Wednesday, May 5, 2010

Short Review: Le Passion de Jeanne d'Arc [The Passion of Joan of Arc] (Carl Theodor Dreyer, 1928)

The Passion of Joan of Arc is the most absorbing and visually intense silent film I have ever seen. It would still be an astonishing achievement if it was made only thirty years ago, but the fact that it stands as one of cinemas earliest major works, made in 1928, is just amazing. Utilizing the exact transcripts of the trial of Joan of Arc and spanning the time she was kept captive by the English, Carl Theodor Dreyer's unforgettable masterpiece relies on a contrast of extreme close-ups between Joan (one of the great silent performances in history by Maria Falconetti) and her prosecuting judges. Considering what has happened to the prints of this film (two were believed to have been lost in a fire), and eventually an original copy was discovered in a Norwegian mental institution in 1981, it is incredible to think that a version is available to enjoy today.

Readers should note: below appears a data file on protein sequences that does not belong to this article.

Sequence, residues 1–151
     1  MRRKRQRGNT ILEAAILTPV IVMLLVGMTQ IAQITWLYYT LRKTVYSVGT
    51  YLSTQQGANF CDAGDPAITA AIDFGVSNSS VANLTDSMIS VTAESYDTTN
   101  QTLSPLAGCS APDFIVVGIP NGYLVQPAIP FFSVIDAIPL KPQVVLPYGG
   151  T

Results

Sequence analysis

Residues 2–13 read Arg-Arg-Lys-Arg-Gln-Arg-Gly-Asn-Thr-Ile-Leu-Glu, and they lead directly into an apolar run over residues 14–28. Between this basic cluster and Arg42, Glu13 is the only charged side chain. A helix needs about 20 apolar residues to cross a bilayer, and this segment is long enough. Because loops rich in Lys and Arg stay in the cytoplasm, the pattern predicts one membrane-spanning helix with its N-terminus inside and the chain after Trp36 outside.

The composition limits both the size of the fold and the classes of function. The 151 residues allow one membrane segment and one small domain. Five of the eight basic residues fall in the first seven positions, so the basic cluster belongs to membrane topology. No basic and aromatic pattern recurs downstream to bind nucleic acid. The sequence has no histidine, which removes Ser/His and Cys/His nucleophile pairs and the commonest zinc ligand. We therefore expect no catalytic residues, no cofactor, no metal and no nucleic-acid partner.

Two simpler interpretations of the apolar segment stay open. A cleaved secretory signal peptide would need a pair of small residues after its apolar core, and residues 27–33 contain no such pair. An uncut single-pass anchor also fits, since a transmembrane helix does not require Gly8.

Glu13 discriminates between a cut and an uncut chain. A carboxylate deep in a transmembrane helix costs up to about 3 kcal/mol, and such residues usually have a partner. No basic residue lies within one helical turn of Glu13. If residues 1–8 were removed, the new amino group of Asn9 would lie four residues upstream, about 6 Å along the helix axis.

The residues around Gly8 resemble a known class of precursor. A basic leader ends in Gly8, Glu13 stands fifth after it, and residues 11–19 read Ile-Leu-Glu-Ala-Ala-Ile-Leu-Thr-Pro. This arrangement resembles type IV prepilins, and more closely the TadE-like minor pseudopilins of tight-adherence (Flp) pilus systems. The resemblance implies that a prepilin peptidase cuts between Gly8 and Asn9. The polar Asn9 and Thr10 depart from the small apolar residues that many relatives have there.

Set mostly in empty spaces for the first three quarters of the film, the faces become the canvas that display of all the emotion during this heartbreaking series of events. They have such interesting features, and despite the total absence of dialogue or sound effects, the films' message is driven by their expressions, and the occasional text page to demonstrate a key question or response. The swift cross-cutting between individuals is flawless for such an old film, and the luminous cinematography is also beautiful. The final ten minutes, consisting of the riots in protest to Joan's death are brutal and unforgettable. Accompanied by a haunting score composed by Richard Einhorn, this is no doubt one of the greatest films of all time, whose importance and influence is still very very apparent today!

My Rating: 5 Stars

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